Doctors first ask questions about the person's symptoms and medical history. Doctors then do a physical examination. What they find during the history and physical examination often suggests the cause of the watery eyes and the tests that may need to be done (see table Some Causes and Features of Watery Eyes Some Causes and Features of Watery Eyes ).
Doctors ask whether the person has
Itching, a runny nose, or sneezing (especially after being exposed to a potential allergen)
Eye irritation, redness, or pain
Pain or discomfort with swelling or redness near the inner corner of the eye
Other symptoms (for example, headache, cough, fever, or rash)
Had injuries, infections, burns, radiation therapy, or surgical procedures involving the eyes, nose, or sinuses
Taken a drug that may cause watery eyes (such as chemotherapy drugs or eye drops containing echothiophate, epinephrine, or pilocarpine)
Doctors then do a physical examination. The physical examination focuses on the face, particularly the eyes and nose. Doctors look for tears running down the cheek, which suggests blockage along the tear drainage pathway. However, signs of a specific cause may be absent. Doctors examine the eyelids, the puncta, and the area at the inner corners of the eyes. They also examine the surface of the eye with a slit lamp What Is a Slit Lamp? to examine the eye under high magnification. The nose is examined for congestion, blockages, pus, discharge, and bleeding.
Doctors can usually determine the cause based on the results of the history and physical examination. Testing is often unnecessary. If testing is needed, the person usually is referred to an ophthalmologist (a medical doctor who specializes in the evaluation and treatment—surgical and nonsurgical—of eye disorders).
Some tests are done in the ophthalmologist's office. Doctors may insert a small probe into the punctum and sometimes the canaliculus to try to detect blockage. They may also gently flush fluid through the canaliculus to see whether the fluid drains into the nose as it should.
Imaging tests and procedures (imaging of the tear ducts, computed tomography [CT] of the face and orbits, or examination of the inside of the nose with a flexible viewing tube [nasal endoscopy]) are sometimes done.
Underlying disorders are treated. For example, doctors may give a nasal corticosteroid if allergic rhinitis is the cause.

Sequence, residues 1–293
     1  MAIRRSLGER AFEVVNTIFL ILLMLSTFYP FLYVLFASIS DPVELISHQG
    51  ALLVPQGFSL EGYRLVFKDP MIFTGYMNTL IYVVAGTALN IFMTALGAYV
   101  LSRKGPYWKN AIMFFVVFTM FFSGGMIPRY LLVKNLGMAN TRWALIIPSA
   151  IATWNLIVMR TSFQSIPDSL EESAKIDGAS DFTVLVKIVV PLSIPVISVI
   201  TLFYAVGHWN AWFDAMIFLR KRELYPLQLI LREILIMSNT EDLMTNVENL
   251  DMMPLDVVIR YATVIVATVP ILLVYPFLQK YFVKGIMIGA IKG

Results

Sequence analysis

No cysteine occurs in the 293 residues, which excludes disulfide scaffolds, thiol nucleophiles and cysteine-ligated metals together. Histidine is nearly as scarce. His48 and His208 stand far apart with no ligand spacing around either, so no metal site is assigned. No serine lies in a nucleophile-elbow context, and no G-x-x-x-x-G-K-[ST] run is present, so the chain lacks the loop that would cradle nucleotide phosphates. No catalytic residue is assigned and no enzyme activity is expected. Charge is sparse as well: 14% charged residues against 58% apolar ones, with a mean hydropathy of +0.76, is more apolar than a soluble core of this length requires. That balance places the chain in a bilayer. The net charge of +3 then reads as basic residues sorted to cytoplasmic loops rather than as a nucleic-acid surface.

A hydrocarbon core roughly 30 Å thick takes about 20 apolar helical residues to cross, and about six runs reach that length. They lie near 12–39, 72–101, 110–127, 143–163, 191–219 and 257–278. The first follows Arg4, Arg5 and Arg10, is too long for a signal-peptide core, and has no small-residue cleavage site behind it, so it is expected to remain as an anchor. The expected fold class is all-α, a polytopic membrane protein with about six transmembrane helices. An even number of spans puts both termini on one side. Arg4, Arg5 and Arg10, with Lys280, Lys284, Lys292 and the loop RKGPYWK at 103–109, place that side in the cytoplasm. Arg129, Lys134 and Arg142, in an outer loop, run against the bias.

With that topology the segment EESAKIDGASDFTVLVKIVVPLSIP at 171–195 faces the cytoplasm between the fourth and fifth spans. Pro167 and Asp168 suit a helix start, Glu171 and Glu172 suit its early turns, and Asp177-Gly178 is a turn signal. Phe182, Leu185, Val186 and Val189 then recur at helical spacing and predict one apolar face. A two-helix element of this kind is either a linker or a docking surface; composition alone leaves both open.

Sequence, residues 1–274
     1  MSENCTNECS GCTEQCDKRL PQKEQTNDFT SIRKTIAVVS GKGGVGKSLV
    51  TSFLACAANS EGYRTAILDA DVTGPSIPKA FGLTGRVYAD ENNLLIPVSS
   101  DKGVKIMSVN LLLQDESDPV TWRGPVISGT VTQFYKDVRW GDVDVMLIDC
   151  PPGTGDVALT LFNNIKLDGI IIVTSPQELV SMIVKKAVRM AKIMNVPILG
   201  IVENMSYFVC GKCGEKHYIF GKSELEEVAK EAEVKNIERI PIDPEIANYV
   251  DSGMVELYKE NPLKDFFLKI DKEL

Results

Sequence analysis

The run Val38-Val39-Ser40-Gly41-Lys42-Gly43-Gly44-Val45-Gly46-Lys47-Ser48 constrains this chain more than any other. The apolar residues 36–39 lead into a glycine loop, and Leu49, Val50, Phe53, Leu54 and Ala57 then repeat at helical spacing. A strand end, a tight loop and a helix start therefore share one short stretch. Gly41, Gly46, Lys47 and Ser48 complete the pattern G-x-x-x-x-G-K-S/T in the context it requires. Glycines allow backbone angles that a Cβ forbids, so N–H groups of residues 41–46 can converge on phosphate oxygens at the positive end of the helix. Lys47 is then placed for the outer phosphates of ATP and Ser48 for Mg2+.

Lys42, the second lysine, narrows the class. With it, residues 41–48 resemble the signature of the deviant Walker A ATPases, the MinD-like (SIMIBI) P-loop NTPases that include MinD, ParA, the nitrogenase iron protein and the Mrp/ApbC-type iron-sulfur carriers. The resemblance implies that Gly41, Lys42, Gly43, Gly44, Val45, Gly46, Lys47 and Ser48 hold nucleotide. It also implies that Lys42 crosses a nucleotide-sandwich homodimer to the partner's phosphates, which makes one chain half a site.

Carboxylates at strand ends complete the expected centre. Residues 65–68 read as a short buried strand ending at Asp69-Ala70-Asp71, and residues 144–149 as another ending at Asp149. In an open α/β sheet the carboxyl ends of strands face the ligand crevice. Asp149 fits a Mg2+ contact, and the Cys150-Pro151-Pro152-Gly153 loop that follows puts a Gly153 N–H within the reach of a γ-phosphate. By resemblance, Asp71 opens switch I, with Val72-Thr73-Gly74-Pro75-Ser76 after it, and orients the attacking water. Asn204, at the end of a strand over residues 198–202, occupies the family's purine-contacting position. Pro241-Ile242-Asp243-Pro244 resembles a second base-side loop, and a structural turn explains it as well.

Doctors sometimes recommend the use of artificial tears to decrease watery eyes when dry eyes or eye surface irritation is the cause.
In infants with blocked tear ducts Dacryostenosis Dacryostenosis is narrowing of the nasolacrimal duct, which drains tears away from the eye. Dacryostenosis can be present from birth (congenital) or develop after birth (acquired). Either type... read more , the blockage often resolves without treatment as the infant grows. Until the infant is about 1 year old, doctors often suggest that parents manually compress the tear sac 4 or 5 times per day to help relieve the obstruction. If the blockage is not relieved by the time the infant is about 1 year old, doctors may do a procedure to open the ducts. The infant is given a general anesthetic, and the doctor inserts a small probe into the tear duct to break through the blockage.
In children with blocked tear ducts, doctors may first try probing the tear duct. If blockage persists, doctors may need to insert a small plastic tube through the tear duct for a few months to keep a drainage pathway open.
In adults with blocked tear ducts, doctors first try different methods to treat the underlying disorder. If these methods do not work, doctors may have to do surgery to make a new drainage pathway for tears.
Essentials for Older People
As people age, the tear ducts often narrow (acquired dacryostenosis Acquired dacryostenosis Dacryostenosis is narrowing of the nasolacrimal duct, which drains tears away from the eye. Dacryostenosis can be present from birth (congenital) or develop after birth (acquired). Either type... read more ). Such narrowing is a common cause of unexplained watery eyes in older people. However, complete blockage of the tear duct is also possible. Rarely, a tumor of a tear sac is the cause.
Common causes of tearing include allergies, dry eyes, inward or outward turning of the eyelids, as well as infection, narrowing, or blockage of the tear drainage pathway.
Testing, if necessary, can often be done in an ophthalmologist's office.
Other testing, such as dacryoscintigraphy or dacryocystography (imaging tests of the tear ducts) or computed tomography, is necessary when in-office tests do not reveal the cause or doctors suspect a tumor.